More information on the Precision Performance Towers, Racks, the limited run Anniversary Edition 5520 laptop, and Dell Canvas can be found at the Dell website. 

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Source: Dell

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  • Ej24 - Tuesday, August 1, 2017 - link

    I just ordered a Broadwell based Precision 5810 workstation for work last Friday...
  • Hairs_ - Tuesday, August 1, 2017 - link

    And despite a year's worth of build up for Ryzen, and crushing performance on multithreaded workloads these should be targeted at, Intel still has a lockout. Bad news for AMD, and consumers. I'm sure it was a fair tendering process!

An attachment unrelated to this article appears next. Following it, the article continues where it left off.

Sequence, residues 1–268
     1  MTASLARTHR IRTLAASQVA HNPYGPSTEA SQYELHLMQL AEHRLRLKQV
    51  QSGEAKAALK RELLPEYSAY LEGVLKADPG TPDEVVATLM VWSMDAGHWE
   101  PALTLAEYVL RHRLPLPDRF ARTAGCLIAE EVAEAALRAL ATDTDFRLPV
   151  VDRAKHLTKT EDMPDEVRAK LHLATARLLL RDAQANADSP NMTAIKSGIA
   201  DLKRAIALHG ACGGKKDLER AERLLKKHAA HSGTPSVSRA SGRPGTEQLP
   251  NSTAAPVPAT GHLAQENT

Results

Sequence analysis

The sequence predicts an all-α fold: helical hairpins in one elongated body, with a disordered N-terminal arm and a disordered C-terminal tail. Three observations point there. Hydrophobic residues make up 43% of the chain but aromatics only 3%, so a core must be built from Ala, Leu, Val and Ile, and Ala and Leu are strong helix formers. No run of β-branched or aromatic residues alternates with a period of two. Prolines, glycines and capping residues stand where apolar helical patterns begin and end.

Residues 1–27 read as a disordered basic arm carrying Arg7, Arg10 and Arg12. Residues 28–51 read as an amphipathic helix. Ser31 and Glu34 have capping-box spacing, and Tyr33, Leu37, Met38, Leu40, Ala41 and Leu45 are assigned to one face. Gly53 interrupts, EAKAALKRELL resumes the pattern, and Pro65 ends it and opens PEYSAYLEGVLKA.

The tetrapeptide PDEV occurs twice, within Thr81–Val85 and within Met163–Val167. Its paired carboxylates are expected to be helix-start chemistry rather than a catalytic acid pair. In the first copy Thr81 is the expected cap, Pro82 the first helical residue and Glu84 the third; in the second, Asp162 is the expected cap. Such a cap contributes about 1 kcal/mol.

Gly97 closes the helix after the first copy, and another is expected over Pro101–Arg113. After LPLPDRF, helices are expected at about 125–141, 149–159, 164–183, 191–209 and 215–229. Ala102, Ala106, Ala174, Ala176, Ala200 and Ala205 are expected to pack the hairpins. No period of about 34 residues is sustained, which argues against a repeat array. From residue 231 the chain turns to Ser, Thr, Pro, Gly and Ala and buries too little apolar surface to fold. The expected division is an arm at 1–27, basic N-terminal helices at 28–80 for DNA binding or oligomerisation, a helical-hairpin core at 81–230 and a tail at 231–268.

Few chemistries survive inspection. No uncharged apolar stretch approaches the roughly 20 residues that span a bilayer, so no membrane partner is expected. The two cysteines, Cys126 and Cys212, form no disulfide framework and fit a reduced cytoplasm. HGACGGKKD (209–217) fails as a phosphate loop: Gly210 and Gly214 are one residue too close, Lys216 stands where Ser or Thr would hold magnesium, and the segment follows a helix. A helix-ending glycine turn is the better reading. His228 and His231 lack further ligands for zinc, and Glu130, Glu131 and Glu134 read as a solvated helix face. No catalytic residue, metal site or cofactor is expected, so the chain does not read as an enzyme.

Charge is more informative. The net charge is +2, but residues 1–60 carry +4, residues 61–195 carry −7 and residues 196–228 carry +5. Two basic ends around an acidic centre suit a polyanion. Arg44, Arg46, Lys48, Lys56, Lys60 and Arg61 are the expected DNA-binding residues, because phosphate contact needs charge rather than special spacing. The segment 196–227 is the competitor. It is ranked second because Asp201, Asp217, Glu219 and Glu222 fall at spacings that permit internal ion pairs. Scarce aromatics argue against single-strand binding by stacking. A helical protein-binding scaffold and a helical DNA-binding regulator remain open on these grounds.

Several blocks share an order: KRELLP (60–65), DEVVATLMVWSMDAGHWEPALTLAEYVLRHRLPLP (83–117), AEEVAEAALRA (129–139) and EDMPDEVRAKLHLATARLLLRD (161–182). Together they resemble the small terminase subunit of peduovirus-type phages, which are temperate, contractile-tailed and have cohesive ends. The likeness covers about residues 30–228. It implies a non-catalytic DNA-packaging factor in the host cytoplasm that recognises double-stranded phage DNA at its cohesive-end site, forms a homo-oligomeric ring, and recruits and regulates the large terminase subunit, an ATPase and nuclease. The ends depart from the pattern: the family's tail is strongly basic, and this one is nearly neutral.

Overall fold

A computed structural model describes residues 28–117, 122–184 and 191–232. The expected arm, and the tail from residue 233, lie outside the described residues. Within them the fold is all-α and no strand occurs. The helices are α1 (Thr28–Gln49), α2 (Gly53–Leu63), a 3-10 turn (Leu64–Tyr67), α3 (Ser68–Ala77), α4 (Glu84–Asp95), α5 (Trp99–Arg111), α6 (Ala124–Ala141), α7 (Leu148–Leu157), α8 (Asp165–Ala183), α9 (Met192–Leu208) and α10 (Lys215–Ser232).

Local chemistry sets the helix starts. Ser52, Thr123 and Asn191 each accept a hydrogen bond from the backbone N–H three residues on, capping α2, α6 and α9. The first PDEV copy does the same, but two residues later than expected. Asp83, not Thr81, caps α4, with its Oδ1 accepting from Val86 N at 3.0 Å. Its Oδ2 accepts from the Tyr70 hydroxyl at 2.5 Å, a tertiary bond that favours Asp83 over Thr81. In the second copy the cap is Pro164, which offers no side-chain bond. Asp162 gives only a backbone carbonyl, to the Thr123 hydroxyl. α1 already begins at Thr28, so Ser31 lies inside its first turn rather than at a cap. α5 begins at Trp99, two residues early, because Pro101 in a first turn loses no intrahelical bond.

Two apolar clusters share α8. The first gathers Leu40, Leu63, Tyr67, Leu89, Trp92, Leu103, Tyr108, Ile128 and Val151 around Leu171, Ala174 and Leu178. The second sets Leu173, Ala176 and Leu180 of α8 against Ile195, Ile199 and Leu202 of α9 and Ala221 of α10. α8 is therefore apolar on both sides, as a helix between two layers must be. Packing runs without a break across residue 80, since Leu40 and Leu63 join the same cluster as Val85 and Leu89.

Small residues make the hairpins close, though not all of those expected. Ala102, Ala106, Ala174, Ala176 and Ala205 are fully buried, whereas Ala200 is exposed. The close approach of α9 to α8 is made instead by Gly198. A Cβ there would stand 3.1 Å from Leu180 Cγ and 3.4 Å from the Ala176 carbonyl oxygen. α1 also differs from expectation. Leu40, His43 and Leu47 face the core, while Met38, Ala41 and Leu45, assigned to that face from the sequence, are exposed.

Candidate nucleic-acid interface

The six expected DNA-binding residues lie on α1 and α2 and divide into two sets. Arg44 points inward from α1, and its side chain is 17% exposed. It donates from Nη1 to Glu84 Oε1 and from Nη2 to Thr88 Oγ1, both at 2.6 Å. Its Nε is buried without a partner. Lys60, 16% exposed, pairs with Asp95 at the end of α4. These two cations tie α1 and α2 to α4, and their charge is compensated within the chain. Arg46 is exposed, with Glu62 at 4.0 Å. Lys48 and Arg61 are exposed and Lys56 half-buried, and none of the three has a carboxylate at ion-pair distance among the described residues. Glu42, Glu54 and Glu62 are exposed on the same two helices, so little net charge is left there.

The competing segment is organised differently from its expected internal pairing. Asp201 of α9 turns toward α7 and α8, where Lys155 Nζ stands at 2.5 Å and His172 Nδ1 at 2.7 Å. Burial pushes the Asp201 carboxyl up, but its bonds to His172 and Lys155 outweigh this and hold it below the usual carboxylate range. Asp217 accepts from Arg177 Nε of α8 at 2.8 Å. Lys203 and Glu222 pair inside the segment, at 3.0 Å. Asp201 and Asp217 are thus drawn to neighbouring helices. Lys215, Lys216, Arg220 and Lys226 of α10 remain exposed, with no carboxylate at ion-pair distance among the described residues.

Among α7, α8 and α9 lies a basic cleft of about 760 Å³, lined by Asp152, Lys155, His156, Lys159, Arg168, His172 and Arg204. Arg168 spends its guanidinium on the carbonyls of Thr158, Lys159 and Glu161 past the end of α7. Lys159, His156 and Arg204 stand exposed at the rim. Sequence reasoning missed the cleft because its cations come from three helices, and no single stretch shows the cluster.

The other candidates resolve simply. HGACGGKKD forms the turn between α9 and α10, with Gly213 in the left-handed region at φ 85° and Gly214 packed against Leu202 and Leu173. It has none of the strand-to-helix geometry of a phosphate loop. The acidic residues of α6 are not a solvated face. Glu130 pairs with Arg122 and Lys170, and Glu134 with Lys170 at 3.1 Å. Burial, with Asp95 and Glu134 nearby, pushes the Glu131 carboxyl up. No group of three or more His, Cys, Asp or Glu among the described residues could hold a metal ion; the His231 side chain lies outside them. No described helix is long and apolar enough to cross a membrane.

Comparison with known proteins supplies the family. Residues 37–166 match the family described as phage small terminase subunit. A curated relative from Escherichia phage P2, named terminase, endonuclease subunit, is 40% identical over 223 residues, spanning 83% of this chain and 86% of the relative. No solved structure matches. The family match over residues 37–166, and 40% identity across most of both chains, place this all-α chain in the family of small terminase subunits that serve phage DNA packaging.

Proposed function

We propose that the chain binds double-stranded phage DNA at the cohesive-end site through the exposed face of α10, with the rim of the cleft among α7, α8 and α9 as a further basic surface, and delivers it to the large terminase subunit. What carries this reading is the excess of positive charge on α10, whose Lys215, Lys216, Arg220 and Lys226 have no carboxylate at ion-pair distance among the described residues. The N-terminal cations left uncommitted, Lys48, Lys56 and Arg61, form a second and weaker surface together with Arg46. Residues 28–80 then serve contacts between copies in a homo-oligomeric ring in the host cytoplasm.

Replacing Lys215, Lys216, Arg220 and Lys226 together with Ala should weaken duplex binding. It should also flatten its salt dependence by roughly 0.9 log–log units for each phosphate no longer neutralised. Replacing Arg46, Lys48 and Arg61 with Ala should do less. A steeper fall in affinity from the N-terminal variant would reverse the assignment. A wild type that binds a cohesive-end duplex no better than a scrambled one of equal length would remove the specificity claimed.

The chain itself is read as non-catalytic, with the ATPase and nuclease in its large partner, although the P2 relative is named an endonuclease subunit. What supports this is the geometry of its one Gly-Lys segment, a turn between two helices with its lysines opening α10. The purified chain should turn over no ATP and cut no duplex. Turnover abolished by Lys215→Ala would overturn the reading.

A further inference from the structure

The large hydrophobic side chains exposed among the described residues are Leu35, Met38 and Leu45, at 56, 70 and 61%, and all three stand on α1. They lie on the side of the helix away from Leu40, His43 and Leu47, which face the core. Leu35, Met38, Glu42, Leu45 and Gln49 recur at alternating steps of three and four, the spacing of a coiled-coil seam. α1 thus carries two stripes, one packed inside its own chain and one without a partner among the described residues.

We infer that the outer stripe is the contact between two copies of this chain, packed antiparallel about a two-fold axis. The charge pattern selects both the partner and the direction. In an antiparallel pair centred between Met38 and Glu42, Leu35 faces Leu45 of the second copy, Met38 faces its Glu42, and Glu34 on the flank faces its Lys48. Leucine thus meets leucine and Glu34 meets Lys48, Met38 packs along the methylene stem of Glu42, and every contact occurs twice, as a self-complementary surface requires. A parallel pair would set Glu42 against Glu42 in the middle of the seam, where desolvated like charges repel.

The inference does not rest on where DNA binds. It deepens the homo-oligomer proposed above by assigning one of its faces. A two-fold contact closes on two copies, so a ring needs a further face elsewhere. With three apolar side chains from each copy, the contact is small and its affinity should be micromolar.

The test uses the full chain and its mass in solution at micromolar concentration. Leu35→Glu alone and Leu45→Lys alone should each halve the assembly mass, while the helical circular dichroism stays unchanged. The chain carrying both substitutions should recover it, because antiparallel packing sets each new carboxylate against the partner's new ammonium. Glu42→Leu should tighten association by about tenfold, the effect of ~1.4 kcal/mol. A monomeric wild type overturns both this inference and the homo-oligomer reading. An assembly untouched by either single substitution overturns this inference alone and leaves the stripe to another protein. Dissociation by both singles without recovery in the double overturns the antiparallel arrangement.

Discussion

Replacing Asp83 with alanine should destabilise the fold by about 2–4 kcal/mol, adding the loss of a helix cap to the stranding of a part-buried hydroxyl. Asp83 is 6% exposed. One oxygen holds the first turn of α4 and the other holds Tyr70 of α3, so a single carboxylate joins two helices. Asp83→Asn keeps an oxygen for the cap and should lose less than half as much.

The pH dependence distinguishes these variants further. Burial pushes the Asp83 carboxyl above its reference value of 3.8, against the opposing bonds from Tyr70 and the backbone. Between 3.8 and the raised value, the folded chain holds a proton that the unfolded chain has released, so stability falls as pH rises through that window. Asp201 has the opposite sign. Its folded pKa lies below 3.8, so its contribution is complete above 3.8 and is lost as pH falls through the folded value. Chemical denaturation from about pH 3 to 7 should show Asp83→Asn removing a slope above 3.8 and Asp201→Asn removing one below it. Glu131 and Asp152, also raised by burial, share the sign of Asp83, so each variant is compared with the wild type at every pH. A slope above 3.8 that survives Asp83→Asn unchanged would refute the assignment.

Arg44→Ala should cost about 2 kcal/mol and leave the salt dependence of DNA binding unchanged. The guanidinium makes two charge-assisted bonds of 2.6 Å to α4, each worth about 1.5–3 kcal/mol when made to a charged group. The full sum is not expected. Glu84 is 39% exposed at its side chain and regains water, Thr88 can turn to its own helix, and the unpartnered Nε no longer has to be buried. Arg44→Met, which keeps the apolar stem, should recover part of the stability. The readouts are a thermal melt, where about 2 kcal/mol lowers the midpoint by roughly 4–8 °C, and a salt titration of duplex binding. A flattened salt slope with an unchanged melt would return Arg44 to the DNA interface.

• Kraszmyl - Thursday, August 3, 2017 - link

    I mean Dell offers AMD chips in all of their other product lines including the servers and optiplexes including an exclusive on threadripper for alienware, so they are perhaps one of the last vendors you would want to say are locking AMD out.

    However ryzen is a bad fit for workstations currently. They don't have the flexibility intel does in this tier. The new c series chipset is amazing for workstations and while intel has a marginally lower core count they still have better single thread io and a close enough core count. Also this tier isn't exactly price sensitive anyway, infact even a fully loaded system is typically a trival cost compared to the software licensing.

    Also vendors were complaining that AMD didn't release anything to them until basically last minute. Workstations like these are certified to work with X products which is part of their increased costs and that certification takes time.
  • Samus - Thursday, August 3, 2017 - link